U.S. Sen. Jeff Sessions (R-AL), Ranking Member of the Senate Budget Committee, issued the following statement today after his initial review of the Murray budget which, if enacted, would be the first Senate Democratic budget in four years:
"Four years have passed since the last time Senate's Democrat majority attempted to pass a budget. Four years of trillion-dollar deficits. Yet, to my amazement and deep disappointment, the majority has come forward today with a proposal that does nothing to change our unsustainable debt course. Next year alone, their budget increases spending $162 billion above what we are spending today. That is astonishing.
They offer no plan, no proposal--no attempt--to reform taxes, grow the economy, reduce poverty, fix our entitlements, or that would create good-paying jobs and rising wages. We know from academic studies that our debt over 90 percent of GDP destroys jobs and wages--their proposal locks these dangerous debt levels in place.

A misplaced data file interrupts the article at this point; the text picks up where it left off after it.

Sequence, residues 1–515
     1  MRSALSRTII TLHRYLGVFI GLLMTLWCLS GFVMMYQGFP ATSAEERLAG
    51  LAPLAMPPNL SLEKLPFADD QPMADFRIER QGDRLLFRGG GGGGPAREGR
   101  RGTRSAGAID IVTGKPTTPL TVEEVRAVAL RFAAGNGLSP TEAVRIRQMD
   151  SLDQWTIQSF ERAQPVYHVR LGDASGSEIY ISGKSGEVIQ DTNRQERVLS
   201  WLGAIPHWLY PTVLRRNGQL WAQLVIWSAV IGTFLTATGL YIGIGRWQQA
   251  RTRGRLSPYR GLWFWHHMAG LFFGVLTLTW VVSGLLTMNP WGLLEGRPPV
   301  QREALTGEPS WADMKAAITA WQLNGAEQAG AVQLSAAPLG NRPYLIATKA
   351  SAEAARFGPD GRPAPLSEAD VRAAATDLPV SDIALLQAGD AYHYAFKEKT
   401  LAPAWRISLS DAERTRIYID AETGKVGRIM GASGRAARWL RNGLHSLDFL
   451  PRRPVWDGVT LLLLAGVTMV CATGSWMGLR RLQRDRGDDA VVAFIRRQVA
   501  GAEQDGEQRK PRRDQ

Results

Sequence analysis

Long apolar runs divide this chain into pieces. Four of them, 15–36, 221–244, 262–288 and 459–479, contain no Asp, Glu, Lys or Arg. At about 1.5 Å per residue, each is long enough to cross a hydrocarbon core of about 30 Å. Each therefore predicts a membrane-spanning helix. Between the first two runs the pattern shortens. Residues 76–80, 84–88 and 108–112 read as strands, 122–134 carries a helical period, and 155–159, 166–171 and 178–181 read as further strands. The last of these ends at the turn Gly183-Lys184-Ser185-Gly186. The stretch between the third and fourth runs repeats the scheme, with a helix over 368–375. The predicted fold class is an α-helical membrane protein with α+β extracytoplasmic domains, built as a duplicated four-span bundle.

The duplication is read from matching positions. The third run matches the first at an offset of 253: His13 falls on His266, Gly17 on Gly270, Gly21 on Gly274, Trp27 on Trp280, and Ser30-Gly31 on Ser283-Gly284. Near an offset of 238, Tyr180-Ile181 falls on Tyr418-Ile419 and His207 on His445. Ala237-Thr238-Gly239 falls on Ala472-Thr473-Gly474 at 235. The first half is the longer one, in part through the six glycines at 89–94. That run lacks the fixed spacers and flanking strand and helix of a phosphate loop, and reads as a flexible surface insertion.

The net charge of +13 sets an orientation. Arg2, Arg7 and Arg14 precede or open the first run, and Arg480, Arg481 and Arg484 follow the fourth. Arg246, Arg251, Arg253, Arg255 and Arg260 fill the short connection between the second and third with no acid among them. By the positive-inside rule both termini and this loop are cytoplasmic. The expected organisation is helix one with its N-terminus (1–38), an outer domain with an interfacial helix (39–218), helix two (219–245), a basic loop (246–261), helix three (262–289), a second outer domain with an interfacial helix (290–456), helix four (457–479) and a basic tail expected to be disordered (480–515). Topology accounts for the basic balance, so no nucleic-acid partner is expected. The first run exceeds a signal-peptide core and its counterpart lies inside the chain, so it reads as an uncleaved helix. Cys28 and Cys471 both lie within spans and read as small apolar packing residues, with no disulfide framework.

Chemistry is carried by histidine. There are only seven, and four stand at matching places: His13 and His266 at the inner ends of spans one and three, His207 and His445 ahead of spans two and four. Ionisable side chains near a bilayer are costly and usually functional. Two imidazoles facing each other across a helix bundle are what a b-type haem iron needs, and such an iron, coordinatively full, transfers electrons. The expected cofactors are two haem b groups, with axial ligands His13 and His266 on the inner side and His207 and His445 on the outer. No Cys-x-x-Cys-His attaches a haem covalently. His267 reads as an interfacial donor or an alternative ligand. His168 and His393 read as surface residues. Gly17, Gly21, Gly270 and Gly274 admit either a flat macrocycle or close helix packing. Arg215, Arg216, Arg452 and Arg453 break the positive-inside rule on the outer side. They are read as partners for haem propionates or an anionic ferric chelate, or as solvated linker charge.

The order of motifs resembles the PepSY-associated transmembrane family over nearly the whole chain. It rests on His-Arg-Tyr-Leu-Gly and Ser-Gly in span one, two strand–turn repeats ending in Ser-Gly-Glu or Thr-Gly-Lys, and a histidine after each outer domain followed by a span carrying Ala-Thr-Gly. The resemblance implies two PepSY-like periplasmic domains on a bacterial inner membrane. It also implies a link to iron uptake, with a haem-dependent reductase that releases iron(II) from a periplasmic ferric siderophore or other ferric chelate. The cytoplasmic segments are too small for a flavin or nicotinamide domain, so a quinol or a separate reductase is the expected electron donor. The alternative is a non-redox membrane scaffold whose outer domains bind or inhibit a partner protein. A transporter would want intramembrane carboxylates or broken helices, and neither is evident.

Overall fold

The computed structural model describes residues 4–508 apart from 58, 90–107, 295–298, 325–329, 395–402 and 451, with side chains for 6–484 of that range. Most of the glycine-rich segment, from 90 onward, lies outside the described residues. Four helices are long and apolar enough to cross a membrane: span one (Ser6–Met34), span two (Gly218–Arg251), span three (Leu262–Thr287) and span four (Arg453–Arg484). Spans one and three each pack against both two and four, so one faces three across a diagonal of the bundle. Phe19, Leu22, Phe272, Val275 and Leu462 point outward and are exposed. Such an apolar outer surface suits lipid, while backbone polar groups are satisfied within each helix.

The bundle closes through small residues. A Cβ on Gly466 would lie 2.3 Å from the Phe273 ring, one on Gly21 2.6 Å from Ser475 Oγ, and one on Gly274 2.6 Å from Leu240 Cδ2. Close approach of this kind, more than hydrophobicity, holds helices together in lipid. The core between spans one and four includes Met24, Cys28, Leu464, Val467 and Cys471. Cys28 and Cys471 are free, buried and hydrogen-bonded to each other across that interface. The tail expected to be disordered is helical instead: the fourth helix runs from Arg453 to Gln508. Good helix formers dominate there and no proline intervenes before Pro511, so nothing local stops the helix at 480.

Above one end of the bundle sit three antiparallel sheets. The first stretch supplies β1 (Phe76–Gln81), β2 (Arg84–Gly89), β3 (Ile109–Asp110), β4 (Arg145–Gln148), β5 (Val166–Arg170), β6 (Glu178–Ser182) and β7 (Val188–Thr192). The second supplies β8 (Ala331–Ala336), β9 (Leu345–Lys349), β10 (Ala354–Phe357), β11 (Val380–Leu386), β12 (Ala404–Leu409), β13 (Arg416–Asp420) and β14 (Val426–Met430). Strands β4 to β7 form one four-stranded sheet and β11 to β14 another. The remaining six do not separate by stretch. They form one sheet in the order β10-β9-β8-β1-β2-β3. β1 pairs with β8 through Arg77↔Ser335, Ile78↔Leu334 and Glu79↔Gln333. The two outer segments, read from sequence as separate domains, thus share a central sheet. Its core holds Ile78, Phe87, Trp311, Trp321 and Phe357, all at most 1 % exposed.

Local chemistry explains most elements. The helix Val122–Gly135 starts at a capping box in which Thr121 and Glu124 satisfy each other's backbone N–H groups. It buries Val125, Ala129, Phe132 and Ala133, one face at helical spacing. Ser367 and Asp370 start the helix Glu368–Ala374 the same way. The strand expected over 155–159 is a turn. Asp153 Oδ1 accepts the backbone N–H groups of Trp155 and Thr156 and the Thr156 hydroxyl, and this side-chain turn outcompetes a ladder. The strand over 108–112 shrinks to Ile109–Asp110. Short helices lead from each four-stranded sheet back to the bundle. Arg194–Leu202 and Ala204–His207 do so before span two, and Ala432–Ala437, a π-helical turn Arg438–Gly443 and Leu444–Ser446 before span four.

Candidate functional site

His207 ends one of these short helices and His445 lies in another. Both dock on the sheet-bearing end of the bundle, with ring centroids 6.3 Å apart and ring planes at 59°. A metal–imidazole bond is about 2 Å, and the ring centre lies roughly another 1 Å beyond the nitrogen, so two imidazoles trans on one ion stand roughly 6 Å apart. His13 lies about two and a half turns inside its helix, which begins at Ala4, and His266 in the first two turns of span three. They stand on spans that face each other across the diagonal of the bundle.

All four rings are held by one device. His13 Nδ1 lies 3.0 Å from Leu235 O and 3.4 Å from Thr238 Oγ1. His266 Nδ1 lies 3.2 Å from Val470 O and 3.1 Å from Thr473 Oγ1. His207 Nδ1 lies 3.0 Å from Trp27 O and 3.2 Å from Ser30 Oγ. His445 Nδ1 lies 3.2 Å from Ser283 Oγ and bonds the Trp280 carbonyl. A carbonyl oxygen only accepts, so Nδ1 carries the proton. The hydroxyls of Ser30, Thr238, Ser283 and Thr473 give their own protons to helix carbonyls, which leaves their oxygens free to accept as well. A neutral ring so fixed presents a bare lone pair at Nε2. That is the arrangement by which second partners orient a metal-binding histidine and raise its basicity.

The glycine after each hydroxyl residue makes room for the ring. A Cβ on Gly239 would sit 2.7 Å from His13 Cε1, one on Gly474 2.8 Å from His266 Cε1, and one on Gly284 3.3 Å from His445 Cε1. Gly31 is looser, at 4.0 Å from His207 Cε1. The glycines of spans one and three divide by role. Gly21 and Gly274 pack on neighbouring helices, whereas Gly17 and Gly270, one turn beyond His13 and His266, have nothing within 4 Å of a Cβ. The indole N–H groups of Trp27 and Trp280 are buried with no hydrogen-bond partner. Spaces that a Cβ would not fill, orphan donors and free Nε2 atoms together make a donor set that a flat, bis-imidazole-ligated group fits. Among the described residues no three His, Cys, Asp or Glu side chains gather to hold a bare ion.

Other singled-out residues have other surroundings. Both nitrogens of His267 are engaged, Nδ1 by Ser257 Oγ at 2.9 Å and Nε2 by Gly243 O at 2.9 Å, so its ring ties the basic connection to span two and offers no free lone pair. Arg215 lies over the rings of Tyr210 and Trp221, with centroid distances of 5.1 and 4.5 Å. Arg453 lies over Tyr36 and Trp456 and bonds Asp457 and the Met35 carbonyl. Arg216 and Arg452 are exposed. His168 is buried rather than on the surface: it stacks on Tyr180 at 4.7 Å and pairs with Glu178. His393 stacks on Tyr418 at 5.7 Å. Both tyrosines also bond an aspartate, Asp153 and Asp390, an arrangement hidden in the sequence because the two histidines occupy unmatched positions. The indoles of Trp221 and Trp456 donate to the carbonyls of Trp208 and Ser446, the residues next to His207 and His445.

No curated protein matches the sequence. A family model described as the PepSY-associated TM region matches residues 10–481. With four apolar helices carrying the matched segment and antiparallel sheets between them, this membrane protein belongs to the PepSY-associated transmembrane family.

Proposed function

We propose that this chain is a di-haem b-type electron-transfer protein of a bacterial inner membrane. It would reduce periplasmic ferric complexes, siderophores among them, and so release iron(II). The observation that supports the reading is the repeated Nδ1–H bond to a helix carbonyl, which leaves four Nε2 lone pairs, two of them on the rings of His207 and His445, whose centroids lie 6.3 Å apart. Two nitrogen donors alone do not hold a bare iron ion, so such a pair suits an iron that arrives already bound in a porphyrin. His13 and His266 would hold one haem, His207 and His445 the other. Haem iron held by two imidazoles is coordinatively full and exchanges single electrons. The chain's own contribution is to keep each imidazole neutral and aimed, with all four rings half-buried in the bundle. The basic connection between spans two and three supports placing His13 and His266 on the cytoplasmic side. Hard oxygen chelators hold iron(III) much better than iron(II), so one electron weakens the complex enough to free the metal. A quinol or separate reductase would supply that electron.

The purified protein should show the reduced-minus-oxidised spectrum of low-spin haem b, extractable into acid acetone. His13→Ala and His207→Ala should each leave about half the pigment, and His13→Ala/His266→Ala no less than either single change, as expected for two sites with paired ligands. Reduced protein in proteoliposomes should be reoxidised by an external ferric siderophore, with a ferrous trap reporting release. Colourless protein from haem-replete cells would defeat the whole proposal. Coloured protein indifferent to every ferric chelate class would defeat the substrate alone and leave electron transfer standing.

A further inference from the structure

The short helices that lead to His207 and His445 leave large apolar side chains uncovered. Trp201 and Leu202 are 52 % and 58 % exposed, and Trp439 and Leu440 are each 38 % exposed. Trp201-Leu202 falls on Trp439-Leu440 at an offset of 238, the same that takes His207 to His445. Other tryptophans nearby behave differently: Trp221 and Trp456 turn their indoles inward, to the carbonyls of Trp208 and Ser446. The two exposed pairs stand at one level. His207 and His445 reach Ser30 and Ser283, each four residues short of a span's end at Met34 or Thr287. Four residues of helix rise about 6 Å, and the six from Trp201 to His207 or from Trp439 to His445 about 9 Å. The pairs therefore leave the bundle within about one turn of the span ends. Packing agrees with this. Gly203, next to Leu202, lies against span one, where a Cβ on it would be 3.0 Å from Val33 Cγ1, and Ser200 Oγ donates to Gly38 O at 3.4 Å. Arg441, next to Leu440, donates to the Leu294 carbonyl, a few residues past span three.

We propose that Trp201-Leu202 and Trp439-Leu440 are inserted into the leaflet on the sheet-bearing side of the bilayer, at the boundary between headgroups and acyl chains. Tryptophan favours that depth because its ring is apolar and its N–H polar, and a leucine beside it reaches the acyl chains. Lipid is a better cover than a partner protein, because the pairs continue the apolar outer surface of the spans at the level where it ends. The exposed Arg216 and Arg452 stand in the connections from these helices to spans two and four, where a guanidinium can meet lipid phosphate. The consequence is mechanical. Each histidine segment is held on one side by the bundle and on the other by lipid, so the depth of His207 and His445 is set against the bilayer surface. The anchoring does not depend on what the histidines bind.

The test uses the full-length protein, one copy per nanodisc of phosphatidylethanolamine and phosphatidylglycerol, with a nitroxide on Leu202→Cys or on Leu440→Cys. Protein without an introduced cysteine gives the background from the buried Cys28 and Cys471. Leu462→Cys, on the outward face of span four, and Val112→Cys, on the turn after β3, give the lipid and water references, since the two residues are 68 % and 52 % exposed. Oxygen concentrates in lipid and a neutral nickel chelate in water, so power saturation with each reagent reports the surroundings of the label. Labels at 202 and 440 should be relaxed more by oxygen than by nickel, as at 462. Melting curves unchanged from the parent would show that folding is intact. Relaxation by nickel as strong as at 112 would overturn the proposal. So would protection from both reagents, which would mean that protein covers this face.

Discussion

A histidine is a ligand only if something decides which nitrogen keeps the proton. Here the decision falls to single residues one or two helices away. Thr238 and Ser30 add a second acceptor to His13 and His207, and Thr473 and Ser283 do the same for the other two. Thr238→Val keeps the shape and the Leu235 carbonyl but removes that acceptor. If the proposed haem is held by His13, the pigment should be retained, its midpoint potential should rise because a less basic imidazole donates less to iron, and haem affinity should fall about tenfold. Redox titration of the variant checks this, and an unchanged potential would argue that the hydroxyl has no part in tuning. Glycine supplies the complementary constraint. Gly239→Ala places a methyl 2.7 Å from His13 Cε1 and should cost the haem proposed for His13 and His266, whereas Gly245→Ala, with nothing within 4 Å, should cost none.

Republicans believe we must balance the budget in 10 years, but the majority proposal never balances--ever. We stand ready and willing to work across the aisle to balance the budget in 10 years. I hope Senators in the majority will agree to join us in this goal tomorrow.
In the majority's plan as it now exists, debt increases $7 trillion from today's levels, despite a massive tax hike. Their proposal increases the federal budget from $3.6 trillion today to $5.7 trillion 10 years from now--an increase of 62 percent. Excluding war costs, this represents a net increase of $645 billion above the projected surging spending growth in our existing baseline. In other words: it's a tax-and-spend budget. Democrats are saying to the American people: you are the problem. Washington doesn't need to change. You need to send us more money.
Their proposal goes to extraordinary lengths to shield the federal bureaucracy from any reform, even as millions of Americans are trapped in failed government programs. The Democrat budget enriches the bureaucracy at the expense of the people.
We need to grow the economy, not the government."